“Do you believe in love?” I am joined outside by a fellow non-smoker. To my left, a Colombian friend is reminding someone my name. He pronounces it the way it would be pronounced at home in Greece: Roxani, the name of my childhood. In Colombia, I am so often Rossan, an x replaced with a whispering s. When I wake up with extra whimsy, I introduce myself as “Roxanne, como la canción.” Inevitably, someone sings to me. When they wake up with whimsy, they rename my coffee cup to avoid the x’s and songs altogether.
“Do you believe in love?”
I am ambushed by the question. This is the third or fourth smoking break of the night. At every one of them, I consider whether I could slip out quietly, indulge my closet introversion and go to sleep. A friend on the other side of the world mocks the premise of extroverted introversion altogether: “Have you ever heard anyone in the so-called global South use the introvert-extrovert distinction?” I want to respond “But have you heard of Susan Cain? You really can be an introvert who tolerates extroversion in pockets!” I realize I do not have the words for this in Spanish, and forfeit the battle. I will be out for six more hours, not out of being dragged out or failing to leave, but out of a contagious commitment to celebration, and to finding the words.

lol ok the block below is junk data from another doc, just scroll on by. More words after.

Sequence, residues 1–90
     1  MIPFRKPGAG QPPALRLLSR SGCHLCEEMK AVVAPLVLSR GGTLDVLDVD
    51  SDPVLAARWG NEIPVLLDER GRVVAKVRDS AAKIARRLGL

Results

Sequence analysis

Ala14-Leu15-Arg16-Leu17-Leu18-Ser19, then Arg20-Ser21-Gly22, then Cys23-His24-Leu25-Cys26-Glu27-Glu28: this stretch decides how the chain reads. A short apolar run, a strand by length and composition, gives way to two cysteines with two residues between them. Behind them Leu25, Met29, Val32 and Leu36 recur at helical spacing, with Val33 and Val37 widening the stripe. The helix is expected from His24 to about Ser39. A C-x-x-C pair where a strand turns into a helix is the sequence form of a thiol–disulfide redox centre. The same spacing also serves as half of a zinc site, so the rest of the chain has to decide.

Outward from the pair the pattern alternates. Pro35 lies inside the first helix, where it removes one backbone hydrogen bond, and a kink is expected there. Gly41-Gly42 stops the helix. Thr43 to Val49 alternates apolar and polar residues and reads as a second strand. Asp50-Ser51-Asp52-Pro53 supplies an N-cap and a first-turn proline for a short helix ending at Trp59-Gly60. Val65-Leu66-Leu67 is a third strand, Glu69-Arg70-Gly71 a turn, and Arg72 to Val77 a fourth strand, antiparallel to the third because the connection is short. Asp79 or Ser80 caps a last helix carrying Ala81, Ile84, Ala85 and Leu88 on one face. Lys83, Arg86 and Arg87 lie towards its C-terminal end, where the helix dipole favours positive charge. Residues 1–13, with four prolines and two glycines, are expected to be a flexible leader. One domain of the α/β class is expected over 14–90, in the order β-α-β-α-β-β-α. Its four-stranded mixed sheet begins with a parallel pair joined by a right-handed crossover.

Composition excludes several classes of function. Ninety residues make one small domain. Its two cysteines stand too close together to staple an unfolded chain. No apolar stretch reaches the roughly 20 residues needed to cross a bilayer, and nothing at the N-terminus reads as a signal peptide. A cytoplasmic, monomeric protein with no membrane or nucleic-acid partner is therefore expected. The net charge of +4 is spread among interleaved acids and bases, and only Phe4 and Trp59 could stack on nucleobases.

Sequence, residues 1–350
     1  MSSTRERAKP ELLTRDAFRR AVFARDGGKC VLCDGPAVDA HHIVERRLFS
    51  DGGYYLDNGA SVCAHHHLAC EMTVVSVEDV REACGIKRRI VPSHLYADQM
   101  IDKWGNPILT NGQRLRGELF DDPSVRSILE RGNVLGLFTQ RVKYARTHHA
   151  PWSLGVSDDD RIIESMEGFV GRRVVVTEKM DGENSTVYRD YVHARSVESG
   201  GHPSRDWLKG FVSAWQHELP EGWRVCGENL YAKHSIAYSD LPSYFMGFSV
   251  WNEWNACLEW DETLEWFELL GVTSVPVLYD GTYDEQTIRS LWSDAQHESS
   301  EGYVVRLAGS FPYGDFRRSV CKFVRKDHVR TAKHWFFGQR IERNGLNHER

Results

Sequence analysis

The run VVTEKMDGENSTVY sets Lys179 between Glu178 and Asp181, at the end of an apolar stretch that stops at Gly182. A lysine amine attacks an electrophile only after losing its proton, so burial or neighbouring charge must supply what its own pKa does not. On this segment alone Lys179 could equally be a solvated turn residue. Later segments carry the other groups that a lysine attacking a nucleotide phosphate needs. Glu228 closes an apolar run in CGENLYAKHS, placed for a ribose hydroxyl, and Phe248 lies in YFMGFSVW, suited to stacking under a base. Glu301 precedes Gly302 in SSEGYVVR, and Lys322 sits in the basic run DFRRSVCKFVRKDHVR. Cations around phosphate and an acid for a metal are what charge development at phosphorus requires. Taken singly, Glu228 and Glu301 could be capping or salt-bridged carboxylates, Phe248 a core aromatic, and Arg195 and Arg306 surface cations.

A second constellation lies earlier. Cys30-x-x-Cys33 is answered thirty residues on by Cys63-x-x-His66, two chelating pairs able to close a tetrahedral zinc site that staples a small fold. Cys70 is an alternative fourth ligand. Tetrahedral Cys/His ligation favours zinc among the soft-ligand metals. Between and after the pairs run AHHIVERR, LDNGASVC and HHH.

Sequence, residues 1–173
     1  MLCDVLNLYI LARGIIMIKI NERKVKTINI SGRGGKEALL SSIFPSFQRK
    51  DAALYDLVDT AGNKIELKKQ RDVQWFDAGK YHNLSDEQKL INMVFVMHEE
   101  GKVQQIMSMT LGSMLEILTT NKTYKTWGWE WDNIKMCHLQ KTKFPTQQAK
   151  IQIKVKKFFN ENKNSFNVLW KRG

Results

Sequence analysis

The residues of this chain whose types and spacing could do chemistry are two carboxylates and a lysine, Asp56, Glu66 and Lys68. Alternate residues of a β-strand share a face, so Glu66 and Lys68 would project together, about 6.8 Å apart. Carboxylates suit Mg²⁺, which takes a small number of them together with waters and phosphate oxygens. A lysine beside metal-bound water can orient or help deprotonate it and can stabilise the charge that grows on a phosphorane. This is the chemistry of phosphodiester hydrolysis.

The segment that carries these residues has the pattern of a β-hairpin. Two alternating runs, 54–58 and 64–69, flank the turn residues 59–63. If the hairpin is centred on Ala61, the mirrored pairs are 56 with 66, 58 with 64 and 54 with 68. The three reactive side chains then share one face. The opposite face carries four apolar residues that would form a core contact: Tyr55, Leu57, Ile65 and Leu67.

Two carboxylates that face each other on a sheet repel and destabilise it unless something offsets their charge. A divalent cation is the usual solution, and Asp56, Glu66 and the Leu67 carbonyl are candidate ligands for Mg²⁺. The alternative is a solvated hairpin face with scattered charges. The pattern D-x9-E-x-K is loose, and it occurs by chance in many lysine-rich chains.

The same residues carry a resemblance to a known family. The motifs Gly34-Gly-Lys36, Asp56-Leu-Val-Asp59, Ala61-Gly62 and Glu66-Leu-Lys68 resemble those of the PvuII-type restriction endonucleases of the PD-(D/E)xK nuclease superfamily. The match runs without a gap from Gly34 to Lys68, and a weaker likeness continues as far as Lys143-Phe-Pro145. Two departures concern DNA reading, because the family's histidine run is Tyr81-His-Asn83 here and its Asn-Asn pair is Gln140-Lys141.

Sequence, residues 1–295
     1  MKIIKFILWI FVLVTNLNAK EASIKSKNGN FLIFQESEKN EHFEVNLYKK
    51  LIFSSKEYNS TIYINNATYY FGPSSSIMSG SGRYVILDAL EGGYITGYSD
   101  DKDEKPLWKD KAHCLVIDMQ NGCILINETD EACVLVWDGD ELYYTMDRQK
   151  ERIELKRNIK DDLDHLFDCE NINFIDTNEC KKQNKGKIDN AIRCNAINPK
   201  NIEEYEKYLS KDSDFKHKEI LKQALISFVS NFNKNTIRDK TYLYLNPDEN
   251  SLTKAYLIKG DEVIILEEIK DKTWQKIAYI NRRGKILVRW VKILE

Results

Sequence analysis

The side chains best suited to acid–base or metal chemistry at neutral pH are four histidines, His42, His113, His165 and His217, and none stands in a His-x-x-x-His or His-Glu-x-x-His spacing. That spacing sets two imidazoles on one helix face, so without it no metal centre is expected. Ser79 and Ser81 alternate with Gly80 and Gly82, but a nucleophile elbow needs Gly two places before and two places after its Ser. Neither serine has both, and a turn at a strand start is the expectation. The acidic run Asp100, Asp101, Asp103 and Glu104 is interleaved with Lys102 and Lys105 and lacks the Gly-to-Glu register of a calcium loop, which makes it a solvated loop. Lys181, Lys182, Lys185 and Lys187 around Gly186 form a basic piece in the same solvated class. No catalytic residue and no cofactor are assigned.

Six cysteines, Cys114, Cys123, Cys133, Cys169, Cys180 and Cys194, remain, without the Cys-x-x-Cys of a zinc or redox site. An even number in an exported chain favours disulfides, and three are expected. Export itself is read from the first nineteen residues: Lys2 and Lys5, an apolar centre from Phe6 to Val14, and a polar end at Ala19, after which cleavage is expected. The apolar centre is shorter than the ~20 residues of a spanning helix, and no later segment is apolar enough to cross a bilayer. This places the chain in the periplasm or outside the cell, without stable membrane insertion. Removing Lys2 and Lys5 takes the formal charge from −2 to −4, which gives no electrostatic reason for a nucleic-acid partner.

It has always mattered to me to locate the words for love. The weight of words feels different in each language: I love you feels like a different commitment than σ’αγαπώ than the ordered scale ranging from te deseo to te amo. Over the years, I have found the words for grief and disappearance and patriarchy in many languages. Over the years, I seem to have lost the words for love. And yet, in this moment, I cannot find the words for unbelief.